Request for Proposals: “The Philosophy & Theology of Immortality”
The University of California at Riverside, with the help of a very generous grant from The John Templeton Foundation and under the direction of John Martin Fischer, welcomes proposals to investigate, through philosophical and theological research, questions that concern personal immortality. Such questions are central existential concerns that know no geographical or cultural bounds.
We anticipate proposals that fall under one of the following six categories:
1. Investigation into whether persons survive, or could survive, bodily death. Such investigation could take the form of philosophical or theological treatments of the relevant empirical evidence, philosophical challenges to post-mortem survival (e.g., challenges to the possibility of continuous pre-mortem and post-mortem personal identity) and responses to such challenges, and more besides.
2. Exploration of some topic related to the issue of immortality, e.g., puzzles about the goodness of post-mortem survival, the rationality of desiring to survive, the implications of believing/not believing in post-mortem survival, “quantum immortality,” longevity and the postponement of bodily death, etc.
3. Exploration of the relationship between immortality and views about the meaningfulness of life, even finite life. (E.g., does reflection on the possibility of meaningfulness in an immortal life shed light on what makes even our finite lives meaningful?)
4. Investigation into the nature of infinity, and our conceptual grasp of infinity, as these relate to immortality. (Sample questions here might include the following: Can we grasp the nature of infinity in a way that is adequate to envisaging an infinitely long life? Insofar as the mathematical nature of infinite magnitudes are different from finite magnitudes, does this make it difficult to grasp infinitely long life? How do the mathematical puzzles of infinity relate to the possibility of immortality?)
5. Investigation of the relationship between the badness of death and the desirability of immortality. (E.g., if death is a bad thing for an individual, does it thereby follow that immortality is (or could be) desirable?)
6. Investigation of one or more explicitly theological issues related to the topic of immortality, e.g., investigation into the nature of “the intermediate state” or purgatorial or post-resurrection existence carried out within a Christian theological framework, the nature of karma carried out within a Buddhist or Hindu framework, post-mortem survival and its place in theodicy, etc.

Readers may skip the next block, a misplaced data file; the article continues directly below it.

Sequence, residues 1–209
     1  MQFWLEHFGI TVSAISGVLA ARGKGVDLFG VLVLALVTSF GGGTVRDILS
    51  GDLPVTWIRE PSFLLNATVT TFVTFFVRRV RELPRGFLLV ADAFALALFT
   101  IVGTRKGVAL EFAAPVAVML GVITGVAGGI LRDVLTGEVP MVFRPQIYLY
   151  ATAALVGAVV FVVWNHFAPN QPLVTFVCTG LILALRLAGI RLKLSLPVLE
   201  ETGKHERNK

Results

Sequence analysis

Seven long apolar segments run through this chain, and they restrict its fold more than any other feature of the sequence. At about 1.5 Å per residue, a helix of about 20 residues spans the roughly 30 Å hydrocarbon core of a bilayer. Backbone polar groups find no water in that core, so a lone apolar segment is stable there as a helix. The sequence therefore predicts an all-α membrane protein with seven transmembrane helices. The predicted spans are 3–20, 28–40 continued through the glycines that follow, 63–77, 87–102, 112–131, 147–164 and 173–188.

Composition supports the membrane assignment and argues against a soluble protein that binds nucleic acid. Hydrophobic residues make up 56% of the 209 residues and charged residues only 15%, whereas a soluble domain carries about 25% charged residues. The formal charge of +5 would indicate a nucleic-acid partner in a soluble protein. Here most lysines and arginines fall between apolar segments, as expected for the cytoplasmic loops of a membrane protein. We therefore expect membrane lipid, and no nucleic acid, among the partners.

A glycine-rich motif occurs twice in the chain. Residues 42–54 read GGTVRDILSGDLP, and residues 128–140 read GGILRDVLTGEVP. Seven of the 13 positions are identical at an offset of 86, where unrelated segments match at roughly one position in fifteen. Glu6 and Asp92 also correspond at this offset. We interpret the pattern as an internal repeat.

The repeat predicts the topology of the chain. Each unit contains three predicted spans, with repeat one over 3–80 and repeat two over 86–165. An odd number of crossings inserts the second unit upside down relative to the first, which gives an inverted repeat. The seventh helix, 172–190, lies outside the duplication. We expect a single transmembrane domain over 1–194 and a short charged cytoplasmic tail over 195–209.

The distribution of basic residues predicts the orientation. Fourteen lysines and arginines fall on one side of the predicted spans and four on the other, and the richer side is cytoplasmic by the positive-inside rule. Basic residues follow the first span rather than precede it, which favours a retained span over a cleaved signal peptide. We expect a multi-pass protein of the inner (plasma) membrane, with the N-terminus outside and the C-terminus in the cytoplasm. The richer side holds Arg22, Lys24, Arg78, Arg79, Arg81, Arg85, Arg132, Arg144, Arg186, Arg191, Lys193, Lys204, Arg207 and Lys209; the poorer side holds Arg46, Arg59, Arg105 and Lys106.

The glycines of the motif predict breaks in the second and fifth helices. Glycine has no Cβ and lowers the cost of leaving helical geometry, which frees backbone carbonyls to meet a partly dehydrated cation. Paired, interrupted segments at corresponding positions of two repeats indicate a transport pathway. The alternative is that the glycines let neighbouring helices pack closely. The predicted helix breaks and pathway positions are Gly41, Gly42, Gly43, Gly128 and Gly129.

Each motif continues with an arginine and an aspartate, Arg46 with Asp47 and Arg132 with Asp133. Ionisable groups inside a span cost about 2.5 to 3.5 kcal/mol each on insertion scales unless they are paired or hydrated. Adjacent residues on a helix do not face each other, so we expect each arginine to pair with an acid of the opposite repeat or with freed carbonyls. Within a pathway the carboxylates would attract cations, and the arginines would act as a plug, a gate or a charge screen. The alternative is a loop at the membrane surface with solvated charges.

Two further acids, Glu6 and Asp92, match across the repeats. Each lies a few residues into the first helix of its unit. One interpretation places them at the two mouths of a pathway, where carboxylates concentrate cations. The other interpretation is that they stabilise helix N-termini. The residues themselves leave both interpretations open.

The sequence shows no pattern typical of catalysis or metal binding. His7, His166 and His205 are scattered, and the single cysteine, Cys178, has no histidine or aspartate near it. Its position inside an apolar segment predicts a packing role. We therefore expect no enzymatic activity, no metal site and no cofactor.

Recently published works that constitute, contain, or describe research that addresses one or more of the topics above include the following:
Aranyosi (2012), “Should We Fear Quantum Torment?” Ratio.
Fischer (2009), Our Stories, Oxford.
Gasser, ed. (2010), Personal Identity and Resurrection, Ashgate.
Green (2008), Body, Soul, and Human Life, Baker.
Hodge (2011), “Why Immortality Alone Will Not Get Me to the Afterlife,” Philosophical Psychology 24: 395- 410.
Johnston (2010), Surviving Death, Princeton.
Marsh (2010), Out-of-Body and Near-Death Experiences: Brain-State Phenomena or Glimpse of Immortality? Oxford.
Metzinger (2009), The Ego Tunnel, Basic Books.
Nichols (2007), “Imagination and Immmortality: Thinking of Me,” Synthese 159: 215-233.
Ribeiro (2011), “The Problem of Heaven,” Ratio 24: 46-64.
Wright (2009), Surprised by Hope, Harper-Collins.
Applicants may request up to $100,000 for projects not to exceed one year in duration. The total available payout for the RFP is $1.5 million.
Letters of Intent are due by 15 December, 2013. Notification will be made by 1 February, 2014, with submission of full proposals no later than 15 March, 2014. Final award decisions will be issued by 1 June, 2014 for research to begin no later than 1 September, 2014.
Letter of Intent (LOI) Stage
Applicants are required to submit:
§ A complete curriculum vitae for the project leader and all other team members (if applicable).
§ A letter of intent that includes the central questions of the project, the background and significance of the questions, identification of which of the six research categories (listed above) the project falls under, and a summary of the main idea or argument. The letter should not exceed 1,500 words (references do not count toward this total).
§ The amount of funding requested (one sentence is fine for this). No budget narrative or justification is needed at this stage. The amount can be revised at the full proposal stage.